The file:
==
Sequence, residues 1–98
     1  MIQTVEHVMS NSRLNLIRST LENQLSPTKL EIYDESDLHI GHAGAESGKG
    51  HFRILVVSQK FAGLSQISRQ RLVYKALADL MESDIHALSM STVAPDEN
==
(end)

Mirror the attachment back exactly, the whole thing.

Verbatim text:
Sequence, residues 1–98
     1  MIQTVEHVMS NSRLNLIRST LENQLSPTKL EIYDESDLHI GHAGAESGKG
    51  HFRILVVSQK FAGLSQISRQ RLVYKALADL MESDIHALSM STVAPDEN